The UK is currently in the grip of a drought, and some 20 million households across the country are subject to hosepipe bans in an attempt to conserve dwindling water supplies. Some experts are forecasting that it could be the end of the year before the drought is considered over.
There are various definitions of drought, based on rainfall, the water volume in our rivers, or simply whether we have sufficient supplies to water our farmland. One definition refers to a period of at least 15 consecutive days on none of which is there more than 0.2 mm of rainfall. Clearly we are not in the grip of this particular type!
It began raining a week ago, and we have had significant rainfall every day since, with the result that at the same time as there are hosepipe bans, we now also have flood warnings across much of the UK.
It’s a strange world that we live in. In our corner of the country we may not have the most gentle of climates but at least in Kielder Water we have a more than adequate water supply, so I don’t expect we’ll suffer the “dustbowl” conditions that the more imaginative newspapers were predicting elsewhere in the country.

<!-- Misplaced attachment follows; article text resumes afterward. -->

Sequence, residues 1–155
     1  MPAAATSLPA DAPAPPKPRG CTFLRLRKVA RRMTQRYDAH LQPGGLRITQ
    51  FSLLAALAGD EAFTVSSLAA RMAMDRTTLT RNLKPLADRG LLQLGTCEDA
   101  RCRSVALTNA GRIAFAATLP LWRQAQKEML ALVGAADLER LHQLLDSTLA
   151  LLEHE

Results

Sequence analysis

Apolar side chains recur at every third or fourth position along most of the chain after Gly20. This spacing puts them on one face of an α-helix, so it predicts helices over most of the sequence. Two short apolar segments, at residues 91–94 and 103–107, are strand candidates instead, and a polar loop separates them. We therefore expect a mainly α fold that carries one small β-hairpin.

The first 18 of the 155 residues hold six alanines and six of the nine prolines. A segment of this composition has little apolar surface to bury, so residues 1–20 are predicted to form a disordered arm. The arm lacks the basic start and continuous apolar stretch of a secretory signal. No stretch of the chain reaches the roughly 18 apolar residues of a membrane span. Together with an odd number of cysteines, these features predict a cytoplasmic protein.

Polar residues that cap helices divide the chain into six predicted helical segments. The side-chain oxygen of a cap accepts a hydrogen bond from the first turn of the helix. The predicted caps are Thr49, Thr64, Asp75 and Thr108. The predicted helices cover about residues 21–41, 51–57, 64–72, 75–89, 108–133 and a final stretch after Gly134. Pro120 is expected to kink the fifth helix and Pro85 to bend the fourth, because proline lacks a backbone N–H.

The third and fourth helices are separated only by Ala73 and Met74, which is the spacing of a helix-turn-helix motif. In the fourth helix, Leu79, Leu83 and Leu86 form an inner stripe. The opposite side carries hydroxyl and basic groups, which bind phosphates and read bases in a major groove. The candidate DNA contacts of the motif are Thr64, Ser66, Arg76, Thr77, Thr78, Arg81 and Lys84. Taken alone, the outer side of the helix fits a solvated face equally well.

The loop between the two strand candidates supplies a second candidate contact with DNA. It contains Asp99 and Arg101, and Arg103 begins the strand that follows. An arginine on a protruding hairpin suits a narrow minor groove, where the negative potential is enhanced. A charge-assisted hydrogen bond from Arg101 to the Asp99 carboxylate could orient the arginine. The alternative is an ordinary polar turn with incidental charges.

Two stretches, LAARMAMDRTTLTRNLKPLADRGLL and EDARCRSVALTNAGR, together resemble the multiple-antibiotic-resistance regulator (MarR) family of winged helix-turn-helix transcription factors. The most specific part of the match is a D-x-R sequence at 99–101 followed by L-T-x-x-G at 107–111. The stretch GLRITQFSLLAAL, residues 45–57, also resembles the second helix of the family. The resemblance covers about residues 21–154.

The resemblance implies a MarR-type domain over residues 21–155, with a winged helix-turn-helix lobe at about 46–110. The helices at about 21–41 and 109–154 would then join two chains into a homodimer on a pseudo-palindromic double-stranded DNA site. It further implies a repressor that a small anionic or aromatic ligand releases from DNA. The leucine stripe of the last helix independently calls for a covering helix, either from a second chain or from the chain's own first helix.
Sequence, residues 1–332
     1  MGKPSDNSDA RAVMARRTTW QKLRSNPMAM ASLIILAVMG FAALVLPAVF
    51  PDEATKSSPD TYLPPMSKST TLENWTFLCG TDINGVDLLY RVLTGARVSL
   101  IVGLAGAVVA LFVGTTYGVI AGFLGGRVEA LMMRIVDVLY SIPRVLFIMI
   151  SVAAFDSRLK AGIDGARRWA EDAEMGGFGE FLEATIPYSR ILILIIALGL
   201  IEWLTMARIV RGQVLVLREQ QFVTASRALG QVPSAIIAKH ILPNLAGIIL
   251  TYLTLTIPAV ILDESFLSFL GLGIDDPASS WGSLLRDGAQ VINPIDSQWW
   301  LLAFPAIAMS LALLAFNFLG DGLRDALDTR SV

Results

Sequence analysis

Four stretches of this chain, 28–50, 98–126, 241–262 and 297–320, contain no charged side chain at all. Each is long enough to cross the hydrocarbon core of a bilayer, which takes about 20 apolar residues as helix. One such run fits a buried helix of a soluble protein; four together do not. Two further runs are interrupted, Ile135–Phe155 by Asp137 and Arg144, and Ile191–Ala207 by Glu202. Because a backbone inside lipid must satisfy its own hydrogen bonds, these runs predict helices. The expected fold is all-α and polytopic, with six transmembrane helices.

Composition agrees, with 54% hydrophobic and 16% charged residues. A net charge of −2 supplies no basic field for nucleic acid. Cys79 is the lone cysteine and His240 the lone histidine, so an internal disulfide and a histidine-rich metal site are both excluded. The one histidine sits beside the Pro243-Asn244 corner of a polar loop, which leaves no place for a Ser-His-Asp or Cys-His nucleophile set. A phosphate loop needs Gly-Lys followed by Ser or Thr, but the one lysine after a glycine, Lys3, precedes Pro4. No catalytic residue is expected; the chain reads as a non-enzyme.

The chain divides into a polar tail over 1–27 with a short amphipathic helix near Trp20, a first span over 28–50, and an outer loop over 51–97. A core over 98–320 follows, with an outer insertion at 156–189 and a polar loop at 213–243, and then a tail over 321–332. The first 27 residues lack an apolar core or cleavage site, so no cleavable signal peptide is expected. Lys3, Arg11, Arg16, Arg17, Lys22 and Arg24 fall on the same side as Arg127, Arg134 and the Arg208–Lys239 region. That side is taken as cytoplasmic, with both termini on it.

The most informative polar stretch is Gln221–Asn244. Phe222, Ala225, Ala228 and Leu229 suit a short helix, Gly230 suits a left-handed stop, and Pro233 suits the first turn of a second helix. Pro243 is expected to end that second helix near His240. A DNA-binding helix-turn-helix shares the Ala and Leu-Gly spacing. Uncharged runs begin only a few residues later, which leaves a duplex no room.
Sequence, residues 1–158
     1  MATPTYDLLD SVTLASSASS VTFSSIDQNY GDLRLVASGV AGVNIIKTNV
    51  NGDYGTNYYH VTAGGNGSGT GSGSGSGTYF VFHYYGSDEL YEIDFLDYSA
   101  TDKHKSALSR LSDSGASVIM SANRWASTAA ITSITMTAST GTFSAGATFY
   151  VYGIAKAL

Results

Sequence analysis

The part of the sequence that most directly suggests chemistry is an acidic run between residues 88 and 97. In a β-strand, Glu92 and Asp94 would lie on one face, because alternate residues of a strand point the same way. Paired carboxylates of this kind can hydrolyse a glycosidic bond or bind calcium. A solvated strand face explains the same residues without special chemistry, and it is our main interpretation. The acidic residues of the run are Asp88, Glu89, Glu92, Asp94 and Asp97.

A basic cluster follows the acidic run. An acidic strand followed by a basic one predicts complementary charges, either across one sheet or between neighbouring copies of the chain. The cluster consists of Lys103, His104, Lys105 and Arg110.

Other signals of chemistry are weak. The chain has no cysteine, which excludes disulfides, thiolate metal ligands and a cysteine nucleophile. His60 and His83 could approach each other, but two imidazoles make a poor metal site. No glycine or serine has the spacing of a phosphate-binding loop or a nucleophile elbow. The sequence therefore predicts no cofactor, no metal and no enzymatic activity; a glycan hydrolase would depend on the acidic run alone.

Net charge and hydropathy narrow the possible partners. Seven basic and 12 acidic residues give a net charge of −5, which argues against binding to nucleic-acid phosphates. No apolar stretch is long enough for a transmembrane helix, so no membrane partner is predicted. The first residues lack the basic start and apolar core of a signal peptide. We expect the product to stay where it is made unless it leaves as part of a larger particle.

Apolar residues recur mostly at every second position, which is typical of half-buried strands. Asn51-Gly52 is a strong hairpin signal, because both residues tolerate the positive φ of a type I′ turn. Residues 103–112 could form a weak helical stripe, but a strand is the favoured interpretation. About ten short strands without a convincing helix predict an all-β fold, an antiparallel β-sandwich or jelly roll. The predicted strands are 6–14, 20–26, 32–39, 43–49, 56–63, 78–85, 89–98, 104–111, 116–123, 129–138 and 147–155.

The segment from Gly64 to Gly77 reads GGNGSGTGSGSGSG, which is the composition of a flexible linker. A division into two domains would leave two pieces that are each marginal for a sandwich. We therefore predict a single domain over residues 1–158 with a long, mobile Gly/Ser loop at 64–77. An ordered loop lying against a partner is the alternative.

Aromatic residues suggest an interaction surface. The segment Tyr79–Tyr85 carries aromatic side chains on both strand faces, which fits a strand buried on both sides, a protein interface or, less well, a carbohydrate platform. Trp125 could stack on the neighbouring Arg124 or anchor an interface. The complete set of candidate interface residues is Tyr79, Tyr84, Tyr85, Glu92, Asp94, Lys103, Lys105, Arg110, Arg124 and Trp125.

The rain does affect me as a photographer, apart from the obvious need to protect my equipment it governs the numbers and type of people who can be found out and about, and for those who can be found abroad, it clearly influences their fashion choices. On the other hand it can produce dramatic waterfalls, and shimmering wet rocks so it has its positives too.
On the beach I love it when the receding tide leaves wet, reflective sand, but couple this with rain and you have a mirror like surface which can help to create a simple but beautiful image. The great Austrian photographer Ernst Haas, one of the stars of the Magnum agency, said
With reflections you become too soon a genius.
I’m not claiming that status, but I love the striations in the reflection caused by the unevenness of surface and water content, and for me the shadowy reflection gives the man and his dog more presence in the otherwise empty space.
I was fortunate to find that space, for in contrast to yesterday the wind had dropped considerably. No surfers then, but plenty of dog walkers about who were prepared to put up with a little rain. As I crouched to get the right angle for the shot above, a number of their pets came to greet me, and thankfully most were happy to run on after a quick pat on the head. The last thing you want when wielding a DSLR is for an over active canine to spray you with a blend of salt, water, and sand, any one of which would be bad news for the Canon.
One of my new found friends was a chocolate labrador, and as I looked up for his owner I spotted a flash of colour amongst the largely flat tones of the wet scene. Julie’s red had made her a perfect subject for today, and I’m grateful to her that she didn’t adopt the “My hair’s wet” or “I don’t have all my make up on” or “look what I’m wearing” response. In return I think she makes a good picture.
- The wrong kind of drought: floods and high winds batter Britain (independent.co.uk)